Currency Manipulation

By April 15th, the American Treasury Department was required to present Congress a report on the exchange rate policies of the country’s major trading partners intending to identify those countries that cheapen their currency in order to attract other countries and increase their exports.

A Barter for Negotiations?

By April 15th, the American Treasury Department was required to present Congress a report on the exchange rate policies of the country’s major trading partners intending to identify those countries that cheapen their currency in order to attract other countries and increase their exports.

It would be hard to find an economist who would feel that China fits the bill. China, which accounted for almost half of America’s trade deficit in goods with the rest of the world, has a significantly modest global surplus of around 2.4%. It has been pushing the currency up and not devaluing it.

Trump’s alleged accusation?

Trump accused China and Japan for having devalued their markets and labelled them as currency manipulators. From the year 2000 to 2014, China has devalued their currency to maintain competitive advantage for their exports, buying dollars and even adding trillions to the foreign reserve around this period. Trump promised to repeatedly label China as a currency manipulator because of their past efforts to drive down their currency to take trade advantage.

But in recent reports, the Treasury Department also acknowledged that in the recent years they have taken steps to boost their currency. Because of which, Trump has backed away from labelling China as a currency manipulator as he also believed that the US dollar was becoming too strong which would also hurt their economy.

What are the implications for the U.S. Economy with the devaluation of the yuan?

With the Chinese devaluing their currency, it would take fewer dollars to buy goods from the China, so the price at which the goods are sold in the U.S. would decline.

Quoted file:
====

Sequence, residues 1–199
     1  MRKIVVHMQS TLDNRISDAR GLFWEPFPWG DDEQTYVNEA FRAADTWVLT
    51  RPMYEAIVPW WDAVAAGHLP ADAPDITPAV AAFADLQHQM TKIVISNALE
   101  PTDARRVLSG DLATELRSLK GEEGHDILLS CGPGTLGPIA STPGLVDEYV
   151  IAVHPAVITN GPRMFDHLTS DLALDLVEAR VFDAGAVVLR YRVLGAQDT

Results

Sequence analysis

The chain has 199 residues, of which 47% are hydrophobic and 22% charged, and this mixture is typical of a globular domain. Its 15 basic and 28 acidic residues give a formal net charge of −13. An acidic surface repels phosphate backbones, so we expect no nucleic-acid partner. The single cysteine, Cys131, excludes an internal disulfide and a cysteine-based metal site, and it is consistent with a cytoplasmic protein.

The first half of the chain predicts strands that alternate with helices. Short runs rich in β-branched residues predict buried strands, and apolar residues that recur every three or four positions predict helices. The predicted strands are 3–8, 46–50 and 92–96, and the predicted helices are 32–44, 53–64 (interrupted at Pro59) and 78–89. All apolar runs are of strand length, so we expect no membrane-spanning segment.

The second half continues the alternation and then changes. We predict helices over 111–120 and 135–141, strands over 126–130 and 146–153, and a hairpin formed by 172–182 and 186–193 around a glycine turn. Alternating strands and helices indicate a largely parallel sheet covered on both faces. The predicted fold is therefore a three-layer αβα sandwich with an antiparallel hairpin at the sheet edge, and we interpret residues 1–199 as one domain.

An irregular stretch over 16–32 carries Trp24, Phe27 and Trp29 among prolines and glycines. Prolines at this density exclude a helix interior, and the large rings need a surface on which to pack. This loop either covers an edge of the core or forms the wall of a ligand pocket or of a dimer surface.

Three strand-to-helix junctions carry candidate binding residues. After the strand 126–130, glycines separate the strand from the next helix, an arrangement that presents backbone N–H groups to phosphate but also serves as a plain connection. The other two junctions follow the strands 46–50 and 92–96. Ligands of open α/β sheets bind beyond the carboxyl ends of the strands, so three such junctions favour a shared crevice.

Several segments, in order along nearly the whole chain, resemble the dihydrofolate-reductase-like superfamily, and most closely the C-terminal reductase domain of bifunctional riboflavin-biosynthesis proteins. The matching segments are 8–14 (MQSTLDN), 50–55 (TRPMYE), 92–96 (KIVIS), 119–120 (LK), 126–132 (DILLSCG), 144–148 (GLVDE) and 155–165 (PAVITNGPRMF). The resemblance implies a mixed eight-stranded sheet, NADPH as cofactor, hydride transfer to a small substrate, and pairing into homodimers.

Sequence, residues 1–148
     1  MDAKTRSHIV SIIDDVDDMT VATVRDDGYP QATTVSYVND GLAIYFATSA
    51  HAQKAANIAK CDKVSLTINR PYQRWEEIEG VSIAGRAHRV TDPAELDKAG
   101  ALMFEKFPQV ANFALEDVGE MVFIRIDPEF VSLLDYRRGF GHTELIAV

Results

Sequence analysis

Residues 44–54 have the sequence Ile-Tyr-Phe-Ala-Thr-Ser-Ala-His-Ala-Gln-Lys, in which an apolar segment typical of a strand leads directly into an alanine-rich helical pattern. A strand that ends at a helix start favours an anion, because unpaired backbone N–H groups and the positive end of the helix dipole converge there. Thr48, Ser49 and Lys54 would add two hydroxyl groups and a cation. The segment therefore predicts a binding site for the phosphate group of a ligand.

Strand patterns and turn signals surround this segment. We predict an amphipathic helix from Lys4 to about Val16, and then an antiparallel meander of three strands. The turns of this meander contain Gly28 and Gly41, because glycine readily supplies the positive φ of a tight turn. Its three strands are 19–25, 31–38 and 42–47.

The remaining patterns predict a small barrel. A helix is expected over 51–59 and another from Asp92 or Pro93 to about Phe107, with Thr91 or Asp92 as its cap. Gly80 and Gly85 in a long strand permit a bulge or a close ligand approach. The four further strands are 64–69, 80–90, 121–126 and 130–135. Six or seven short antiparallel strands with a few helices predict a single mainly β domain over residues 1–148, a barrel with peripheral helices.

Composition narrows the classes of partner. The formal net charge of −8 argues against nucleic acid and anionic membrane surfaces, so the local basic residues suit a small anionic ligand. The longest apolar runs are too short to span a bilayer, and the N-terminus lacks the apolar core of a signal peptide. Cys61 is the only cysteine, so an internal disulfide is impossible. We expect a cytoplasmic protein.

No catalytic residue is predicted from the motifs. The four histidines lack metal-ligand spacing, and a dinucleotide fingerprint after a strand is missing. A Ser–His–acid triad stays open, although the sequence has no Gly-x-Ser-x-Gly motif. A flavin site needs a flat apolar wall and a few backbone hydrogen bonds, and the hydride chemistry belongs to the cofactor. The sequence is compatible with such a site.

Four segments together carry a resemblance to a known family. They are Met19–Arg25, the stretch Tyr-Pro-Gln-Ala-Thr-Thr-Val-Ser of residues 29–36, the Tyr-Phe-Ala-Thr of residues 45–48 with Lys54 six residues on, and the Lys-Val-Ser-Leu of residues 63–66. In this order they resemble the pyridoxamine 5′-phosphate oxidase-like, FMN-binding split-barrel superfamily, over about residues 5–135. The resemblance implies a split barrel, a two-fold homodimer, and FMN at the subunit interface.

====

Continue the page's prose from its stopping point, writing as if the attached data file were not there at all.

In turn the consumers and the businesses importing from China would benefit and the sale of Chinese imports would rise. But unfortunately, a devalued yuan would not benefit everyone. In comparison, if Chinese goods are cheaper it would mean that U.S. goods are more expensive effecting their exports and slowing down their jobs and growth rate. Therefore, a rise in the imports and the fall in exports would not be a desirable outcome for the U.S. economy. With China keeping their products artificially cheaper in the U.S, this would also create unfair competition not only with America but with all other economies.

Assessment

For the United States to accelerate their growth and restore their employment, they would have to eliminate or reduce their trade deficit. Without hampering with their budget, they would have to enforce that countries stop manipulating their currencies thus allowing the dollar to regain the competitive level. The US would have to adopt strategies with countries that would also be widely affected by currency manipulation like India, Brazil, Australia and Mexico. The United States should try and focus on reinventing their domestic economy instead of pursuing unilateral or trying to spread a multi-lateral agreement. 

China being the second largest economy in the world would have to contribute to the global economy pushing Chinese businesses to compete with several regional rivalries to supply the world with everything from raw materials to finished goods, hence a cheaper yuan will only make exports seem cheaper potentially boosting overall sales that has been the main driver of growth. Hence, for China, cheaper goods would reduce inflationary pressure and keeps the interest rates low for a longer time.  But this devaluation could prompt an angry reaction from U.S. and other Asian countries that would force them to devalue their currency which would increase the trade deficit.

Hence, China should allow for its currency to adjust to market forces rather than using tools of economic warfare. 

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